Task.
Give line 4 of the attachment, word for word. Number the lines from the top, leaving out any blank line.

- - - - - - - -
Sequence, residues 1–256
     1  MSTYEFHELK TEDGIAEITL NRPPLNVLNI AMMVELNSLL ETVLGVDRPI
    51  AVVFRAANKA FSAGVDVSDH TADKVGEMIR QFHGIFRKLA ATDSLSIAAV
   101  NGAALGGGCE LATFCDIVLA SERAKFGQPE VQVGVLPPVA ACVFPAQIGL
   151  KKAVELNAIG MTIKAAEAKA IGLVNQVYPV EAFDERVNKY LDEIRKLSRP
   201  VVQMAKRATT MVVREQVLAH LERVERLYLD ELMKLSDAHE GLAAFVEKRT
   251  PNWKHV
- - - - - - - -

   101  NGAALGGGCE LATFCDIVLA SERAKFGQPE VQVGVLPPVA ACVFPAQIGL